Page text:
This paper analyzes the institutional work that underlies the attempt to institutionalize a more active role of citizens in urban planning. It draws on a case in which a group of citizens aims to redevelop a brownfield site into a vital urban area. This citizens’ initiative is co-creating a new form of urban planning with the municipality, private organizations and individual citizens. The study shows how citizens’ initiatives can be a driver for institutional change, but that uncertainties about new institutions tend to reinforce the maintenance of existing ones. This paradox explains why even if the ambition for a new form of planning is widely shared, actually realizing institutional change can still be difficult and time-consuming.

Bisschops, S., & Beunen, R. (2018). A new role for citizens’ initiatives: the difficulties in co-creating institutional change in urban planningJournal of Environmental Planning and Management, 1-16.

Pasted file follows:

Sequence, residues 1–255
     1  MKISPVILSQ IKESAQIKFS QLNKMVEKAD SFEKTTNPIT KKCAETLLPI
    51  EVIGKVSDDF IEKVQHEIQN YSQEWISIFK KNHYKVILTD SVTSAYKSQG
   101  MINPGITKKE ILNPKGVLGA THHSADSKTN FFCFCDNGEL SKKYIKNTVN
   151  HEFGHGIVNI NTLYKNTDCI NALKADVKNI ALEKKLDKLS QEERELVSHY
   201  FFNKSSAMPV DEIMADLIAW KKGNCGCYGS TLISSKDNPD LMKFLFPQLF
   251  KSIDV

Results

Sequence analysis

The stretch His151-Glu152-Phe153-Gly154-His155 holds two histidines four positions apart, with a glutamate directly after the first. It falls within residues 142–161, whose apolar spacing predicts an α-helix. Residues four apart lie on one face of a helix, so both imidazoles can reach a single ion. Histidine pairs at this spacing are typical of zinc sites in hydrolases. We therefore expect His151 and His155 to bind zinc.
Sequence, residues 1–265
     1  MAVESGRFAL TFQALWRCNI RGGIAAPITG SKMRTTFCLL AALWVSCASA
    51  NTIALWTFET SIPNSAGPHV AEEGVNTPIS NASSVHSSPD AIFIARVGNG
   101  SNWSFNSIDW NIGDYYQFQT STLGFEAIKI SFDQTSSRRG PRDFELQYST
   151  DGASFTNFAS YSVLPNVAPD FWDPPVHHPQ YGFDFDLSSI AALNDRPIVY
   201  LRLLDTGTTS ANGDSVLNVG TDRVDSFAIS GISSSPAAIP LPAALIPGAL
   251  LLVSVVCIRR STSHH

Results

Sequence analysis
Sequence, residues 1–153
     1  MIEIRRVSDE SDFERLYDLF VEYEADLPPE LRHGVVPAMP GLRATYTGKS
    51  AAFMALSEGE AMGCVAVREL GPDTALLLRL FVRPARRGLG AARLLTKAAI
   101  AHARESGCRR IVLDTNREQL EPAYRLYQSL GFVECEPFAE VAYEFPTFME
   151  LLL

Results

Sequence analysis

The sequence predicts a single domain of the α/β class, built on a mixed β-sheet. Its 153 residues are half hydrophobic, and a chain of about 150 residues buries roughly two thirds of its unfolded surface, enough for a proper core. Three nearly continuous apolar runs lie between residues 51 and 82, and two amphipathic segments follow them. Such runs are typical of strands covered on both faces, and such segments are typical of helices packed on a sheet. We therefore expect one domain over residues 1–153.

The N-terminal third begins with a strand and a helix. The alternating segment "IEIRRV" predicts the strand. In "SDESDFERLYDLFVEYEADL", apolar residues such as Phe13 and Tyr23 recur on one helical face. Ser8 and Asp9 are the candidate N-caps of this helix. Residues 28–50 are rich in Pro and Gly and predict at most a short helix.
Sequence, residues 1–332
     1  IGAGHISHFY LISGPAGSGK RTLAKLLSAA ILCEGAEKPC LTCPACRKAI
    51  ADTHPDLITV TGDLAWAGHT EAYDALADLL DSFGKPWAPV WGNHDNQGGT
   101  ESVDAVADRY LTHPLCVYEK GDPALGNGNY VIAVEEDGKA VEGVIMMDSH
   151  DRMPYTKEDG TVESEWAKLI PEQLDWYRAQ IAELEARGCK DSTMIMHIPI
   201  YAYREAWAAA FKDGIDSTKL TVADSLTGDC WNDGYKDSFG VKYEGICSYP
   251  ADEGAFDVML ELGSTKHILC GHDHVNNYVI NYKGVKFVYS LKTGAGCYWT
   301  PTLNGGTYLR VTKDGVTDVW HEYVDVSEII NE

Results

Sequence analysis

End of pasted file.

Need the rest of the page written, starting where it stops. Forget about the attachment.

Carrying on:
Land for food or power?

This paper uses the concepts of riskscapes and risk governance to analyze the tensions between land use for food (farms) and energy (dams) in South West Ethiopia. It analyzes the linkages between risk perception, risk assessment and risk management for local and non-local actors. The paper distinguishes, after empirical analysis, as main riskscapes the riskscapes of landlessness, food and energy insecurity and siltation. For the Ethiopian case, and more generally, it reflects on the potential of spatial planning as a site of risk governance, where risk perception, assessment and management can be discussed in their linkages, where different actor-related and topical riskscapes can encounter, can be deliberated and result in policy integration. Finally it reflect on the ethical implications of its perspective and reconsiders the idea of social cost.